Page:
Photo of hearing aid batteries lasting longer.

The trick to keeping hearing aids economical hinges on just one component–the batteries. It’s one of the largest financial worries consumers have to deal with when buying hearing aids because the costs of replacing them can add up fast.

Even more worrying, what if the batteries die at absolutely the worst moment? This is a huge issue even for rechargeable brands.

There are things you can do to extend the life of the batteries in hearing aids, so you don’t have to stop and replace them a few times a week. Make the batteries last just a little bit longer by thinking about these 6 simple ideas.

1. Be a Smart Hearing Aid Consumer

It begins when you are beginning to shop for your hearing aids. Brand quality and hearing aid features are just a couple of the factors which determine battery life. Not every battery is made the same, either. Some cheaper hearing devices have low quality components that work with cheaper cell batteries. You’ll be changing those batteries out all the time, so be certain to discuss this with your hearing specialist.

Compare the different models as you shop and, also, think about what features are crucial for you. You’ll find that non-wireless hearing aids have batteries that can last twice as long as the wireless models. The bigger the hearing aid, the longer the battery life, too. The smaller devices require new batteries every two days, but larger units can go for around two weeks on one set of cells. Get the features you require but understand how each one affects the power drainage of the hearing aids.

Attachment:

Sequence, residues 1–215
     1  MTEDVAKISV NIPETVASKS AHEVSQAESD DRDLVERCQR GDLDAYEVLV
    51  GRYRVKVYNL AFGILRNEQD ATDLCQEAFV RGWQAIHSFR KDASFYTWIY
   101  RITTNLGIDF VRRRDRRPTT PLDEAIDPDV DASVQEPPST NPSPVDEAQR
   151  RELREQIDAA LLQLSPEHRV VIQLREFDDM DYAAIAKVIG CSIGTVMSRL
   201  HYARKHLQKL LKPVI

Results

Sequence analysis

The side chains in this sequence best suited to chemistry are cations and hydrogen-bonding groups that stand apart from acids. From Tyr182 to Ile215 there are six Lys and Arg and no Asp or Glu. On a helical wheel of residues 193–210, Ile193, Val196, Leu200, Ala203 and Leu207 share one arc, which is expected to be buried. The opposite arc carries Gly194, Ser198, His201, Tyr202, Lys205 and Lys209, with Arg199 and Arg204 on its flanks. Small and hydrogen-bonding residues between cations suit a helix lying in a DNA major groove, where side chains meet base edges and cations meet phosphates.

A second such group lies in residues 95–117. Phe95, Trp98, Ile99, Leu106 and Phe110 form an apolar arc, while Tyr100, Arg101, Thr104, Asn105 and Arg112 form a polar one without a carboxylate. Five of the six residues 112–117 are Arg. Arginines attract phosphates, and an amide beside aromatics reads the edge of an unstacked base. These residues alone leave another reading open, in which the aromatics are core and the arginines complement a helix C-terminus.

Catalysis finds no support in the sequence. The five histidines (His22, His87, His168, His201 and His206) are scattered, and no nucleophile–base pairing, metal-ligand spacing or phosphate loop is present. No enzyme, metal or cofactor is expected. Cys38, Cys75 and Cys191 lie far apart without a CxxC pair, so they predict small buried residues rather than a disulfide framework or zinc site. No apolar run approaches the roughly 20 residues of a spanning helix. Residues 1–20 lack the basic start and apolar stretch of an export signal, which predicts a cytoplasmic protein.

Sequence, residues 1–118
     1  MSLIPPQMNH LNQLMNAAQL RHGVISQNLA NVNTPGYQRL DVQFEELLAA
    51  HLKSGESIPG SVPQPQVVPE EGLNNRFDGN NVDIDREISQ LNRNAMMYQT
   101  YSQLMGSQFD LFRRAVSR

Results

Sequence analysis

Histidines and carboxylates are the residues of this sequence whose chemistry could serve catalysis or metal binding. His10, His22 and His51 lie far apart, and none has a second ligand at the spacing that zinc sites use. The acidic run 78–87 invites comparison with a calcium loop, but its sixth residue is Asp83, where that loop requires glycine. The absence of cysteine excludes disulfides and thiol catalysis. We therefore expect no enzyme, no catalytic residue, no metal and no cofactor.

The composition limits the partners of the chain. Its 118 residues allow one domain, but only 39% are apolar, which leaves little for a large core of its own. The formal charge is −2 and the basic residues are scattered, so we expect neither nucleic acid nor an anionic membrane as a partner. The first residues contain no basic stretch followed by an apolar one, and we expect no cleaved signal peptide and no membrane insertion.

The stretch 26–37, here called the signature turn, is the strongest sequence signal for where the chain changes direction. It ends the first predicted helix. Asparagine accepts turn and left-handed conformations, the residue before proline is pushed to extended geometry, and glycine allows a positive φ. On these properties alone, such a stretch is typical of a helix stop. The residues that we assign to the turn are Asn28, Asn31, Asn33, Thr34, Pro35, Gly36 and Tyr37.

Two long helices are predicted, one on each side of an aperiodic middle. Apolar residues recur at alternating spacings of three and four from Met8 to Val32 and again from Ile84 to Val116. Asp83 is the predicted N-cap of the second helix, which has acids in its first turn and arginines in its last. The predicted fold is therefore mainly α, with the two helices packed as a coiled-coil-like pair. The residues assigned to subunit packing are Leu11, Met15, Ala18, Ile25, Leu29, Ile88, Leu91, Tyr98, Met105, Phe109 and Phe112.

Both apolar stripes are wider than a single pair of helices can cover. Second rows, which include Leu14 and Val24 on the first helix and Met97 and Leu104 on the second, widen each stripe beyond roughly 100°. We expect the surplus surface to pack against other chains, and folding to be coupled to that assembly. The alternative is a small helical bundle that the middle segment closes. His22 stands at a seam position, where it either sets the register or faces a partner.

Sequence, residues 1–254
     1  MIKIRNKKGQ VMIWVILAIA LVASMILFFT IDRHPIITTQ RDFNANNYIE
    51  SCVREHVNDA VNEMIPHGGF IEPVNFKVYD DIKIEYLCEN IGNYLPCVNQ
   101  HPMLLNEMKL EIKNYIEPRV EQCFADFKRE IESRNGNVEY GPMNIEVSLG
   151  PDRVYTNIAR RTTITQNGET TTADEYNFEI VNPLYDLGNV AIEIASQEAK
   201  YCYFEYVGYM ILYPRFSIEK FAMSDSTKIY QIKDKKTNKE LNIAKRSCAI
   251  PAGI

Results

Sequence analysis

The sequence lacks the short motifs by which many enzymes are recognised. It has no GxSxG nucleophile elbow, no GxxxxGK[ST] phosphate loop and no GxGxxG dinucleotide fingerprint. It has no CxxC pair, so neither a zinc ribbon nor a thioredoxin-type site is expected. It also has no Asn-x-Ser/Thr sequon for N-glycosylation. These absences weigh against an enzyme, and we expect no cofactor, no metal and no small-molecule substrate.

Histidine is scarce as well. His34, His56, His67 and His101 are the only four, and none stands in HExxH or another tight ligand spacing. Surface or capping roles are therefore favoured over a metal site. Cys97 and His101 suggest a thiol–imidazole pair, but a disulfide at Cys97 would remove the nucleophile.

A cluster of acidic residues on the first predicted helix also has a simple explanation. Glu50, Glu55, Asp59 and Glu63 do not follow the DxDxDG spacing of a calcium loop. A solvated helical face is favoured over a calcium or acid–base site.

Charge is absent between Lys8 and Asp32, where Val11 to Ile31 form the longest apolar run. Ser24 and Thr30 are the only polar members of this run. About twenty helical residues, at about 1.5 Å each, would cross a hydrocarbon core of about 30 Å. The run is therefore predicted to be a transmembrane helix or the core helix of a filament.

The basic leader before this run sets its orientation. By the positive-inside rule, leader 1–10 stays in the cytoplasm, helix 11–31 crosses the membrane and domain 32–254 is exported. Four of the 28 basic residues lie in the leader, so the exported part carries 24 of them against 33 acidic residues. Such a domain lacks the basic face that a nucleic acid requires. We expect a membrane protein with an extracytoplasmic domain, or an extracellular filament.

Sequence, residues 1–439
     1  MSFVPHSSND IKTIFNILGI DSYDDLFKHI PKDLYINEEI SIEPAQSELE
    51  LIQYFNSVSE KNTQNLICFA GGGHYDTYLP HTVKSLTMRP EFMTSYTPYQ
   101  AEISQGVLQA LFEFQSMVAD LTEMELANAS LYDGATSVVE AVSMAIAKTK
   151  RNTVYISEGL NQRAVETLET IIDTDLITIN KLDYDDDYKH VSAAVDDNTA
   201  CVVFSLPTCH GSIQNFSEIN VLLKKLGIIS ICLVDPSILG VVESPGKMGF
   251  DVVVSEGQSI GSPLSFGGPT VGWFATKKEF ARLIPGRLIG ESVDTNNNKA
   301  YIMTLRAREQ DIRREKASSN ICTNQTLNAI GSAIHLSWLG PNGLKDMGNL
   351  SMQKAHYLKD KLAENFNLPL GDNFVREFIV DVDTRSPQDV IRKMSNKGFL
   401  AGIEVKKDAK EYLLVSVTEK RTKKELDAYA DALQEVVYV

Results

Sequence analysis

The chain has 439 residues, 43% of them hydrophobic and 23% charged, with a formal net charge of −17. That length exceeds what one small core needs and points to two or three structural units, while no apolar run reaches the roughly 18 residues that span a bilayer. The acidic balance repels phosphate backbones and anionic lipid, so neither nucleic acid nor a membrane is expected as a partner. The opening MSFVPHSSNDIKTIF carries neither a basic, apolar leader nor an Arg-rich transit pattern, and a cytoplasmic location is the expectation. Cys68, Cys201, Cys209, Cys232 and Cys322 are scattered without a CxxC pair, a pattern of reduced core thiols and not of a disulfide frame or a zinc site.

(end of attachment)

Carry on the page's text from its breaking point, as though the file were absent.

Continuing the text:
2. The Hearing Aids Need to be Stored Properly

To lessen drainage of power you will normally have to open the battery door at night. Also, you will want to:

Store your batteries in a cool, dry place. Humidity and heat will impact battery cells. Room temperature is okay just keep them out of the sun and away from heat sources include light bulbs.

Also, a dehumidifier is a smart idea. It’s one of the smartest ways to protect both the hearing aids and their batteries. Humidity in the air is brutal on their fragile components.

3. Be Careful When You Change The Batteries

Make sure your hands are dry and clean. Humidity, dirt, and grease all affect battery quality. Don’t forget to leave the plastic tab in place until you are ready to use the new batteries, too. The latest hearing aid batteries mix zinc with the air to power up. You don’t want that to happen before you are ready.

After you remove the tab, but before you use them, it’s smart to let them sit out for 5 minutes. Doing this can extend the life of the battery by days.

4. Play Around With Different Batteries and Battery Sources

High quality batteries have a longer life than cheap ones, obviously. Don’t just think about the brand, though, but what types of hearing aid batteries you’re using and where you purchase them, too. Big box stores might sell quality batteries for less per unit if you buy in quantity.

If you buy them online, particularly from auction sites like eBay, be careful. Batteries have sell-by and expiration dates. You shouldn’t use them once they expire.

Consult your hearing specialist for advice on where to get batteries at affordable prices.

5. Be Ready For The Inevitable

The batteries are going to die eventually. It’s beneficial if you have an idea when that will happen, so you don’t find yourself in a pinch. To keep track of when the batteries fizzle and need to be changed, make a schedule. Over time, you’ll get a feel for when you need replacements.

In order to help you determine what features have the biggest effect on the battery and which brand batteries are best for your device, keep a diary.

6. Consider the Alternatives to Batteries

One of the best things about newer hearing aids is that some are rechargeable. If you can save money on batteries, it will be worth paying a little more up front. If you need a bunch of features like wireless or Bluetooth, then rechargeable batteries are likely the best choice.

Hearing aids are a considerable investment but the batteries that make them work are too. Extending the life of your batteries and saving money starts with a little due diligence. To find out what your best option for you is, schedule an appointment with a hearing aid specialist.

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